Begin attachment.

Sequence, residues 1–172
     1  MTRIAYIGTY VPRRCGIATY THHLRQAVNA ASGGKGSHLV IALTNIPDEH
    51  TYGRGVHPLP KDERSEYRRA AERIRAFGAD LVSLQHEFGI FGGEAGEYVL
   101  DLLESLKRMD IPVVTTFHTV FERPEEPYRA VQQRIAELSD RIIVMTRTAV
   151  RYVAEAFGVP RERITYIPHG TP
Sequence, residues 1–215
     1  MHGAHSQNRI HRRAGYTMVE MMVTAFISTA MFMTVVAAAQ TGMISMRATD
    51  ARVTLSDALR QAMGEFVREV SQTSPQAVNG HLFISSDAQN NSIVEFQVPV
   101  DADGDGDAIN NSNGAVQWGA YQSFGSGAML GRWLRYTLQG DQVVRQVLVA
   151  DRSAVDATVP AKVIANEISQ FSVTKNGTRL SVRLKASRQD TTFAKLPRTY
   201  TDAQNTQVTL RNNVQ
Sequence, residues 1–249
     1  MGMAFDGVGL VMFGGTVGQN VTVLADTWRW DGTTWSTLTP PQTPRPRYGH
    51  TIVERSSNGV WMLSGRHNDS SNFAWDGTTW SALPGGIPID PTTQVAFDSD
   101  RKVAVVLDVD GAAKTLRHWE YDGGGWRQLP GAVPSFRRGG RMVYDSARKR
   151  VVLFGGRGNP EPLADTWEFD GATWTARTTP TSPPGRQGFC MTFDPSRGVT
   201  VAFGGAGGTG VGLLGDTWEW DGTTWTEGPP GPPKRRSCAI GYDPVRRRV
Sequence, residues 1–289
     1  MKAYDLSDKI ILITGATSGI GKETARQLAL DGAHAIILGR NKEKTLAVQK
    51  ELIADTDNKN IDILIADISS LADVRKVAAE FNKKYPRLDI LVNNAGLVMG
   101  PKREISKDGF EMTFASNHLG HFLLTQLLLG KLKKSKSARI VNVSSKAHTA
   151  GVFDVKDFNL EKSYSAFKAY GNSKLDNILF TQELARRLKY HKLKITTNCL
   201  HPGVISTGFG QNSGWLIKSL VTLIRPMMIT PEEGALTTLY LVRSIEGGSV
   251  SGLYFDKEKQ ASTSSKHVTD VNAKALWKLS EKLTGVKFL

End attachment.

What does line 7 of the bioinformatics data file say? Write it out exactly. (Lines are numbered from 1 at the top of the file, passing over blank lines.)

     1  MHGAHSQNRI HRRAGYTMVE MMVTAFISTA MFMTVVAAAQ TGMISMRATD